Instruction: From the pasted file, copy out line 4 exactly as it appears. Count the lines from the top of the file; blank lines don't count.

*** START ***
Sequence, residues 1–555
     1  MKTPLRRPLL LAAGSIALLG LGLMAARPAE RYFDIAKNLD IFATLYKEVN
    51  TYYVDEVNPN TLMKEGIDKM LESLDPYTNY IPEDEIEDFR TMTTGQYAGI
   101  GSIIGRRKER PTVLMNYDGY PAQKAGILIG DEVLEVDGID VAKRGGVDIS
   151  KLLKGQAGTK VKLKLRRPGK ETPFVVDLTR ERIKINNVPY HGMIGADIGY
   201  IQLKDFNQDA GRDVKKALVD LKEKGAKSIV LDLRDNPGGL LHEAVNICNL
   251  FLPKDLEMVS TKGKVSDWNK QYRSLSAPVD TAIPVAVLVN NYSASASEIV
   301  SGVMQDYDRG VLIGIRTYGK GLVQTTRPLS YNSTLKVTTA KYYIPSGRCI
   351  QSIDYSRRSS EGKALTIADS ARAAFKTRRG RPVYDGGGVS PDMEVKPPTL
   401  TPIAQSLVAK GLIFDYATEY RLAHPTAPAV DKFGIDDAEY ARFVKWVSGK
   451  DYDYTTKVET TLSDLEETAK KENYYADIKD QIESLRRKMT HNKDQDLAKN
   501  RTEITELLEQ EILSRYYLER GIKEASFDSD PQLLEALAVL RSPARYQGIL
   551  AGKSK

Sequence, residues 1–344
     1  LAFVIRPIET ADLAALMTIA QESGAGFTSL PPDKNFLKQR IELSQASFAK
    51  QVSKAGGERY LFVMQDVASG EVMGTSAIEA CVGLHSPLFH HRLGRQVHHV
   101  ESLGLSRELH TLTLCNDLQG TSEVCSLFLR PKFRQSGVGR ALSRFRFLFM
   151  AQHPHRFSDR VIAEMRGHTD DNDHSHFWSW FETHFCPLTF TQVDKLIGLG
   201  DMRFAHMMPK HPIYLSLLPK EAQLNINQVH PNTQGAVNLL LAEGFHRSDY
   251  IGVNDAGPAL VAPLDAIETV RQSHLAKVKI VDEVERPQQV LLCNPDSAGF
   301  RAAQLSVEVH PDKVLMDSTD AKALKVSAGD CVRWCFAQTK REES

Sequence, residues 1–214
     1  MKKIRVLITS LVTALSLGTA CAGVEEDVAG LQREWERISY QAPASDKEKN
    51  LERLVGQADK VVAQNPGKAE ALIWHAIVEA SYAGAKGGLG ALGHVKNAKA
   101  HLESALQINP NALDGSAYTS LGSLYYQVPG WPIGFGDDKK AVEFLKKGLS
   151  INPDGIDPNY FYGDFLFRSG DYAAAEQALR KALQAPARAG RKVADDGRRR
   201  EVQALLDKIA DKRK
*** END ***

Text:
   101  GSIIGRRKER PTVLMNYDGY PAQKAGILIG DEVLEVDGID VAKRGGVDIS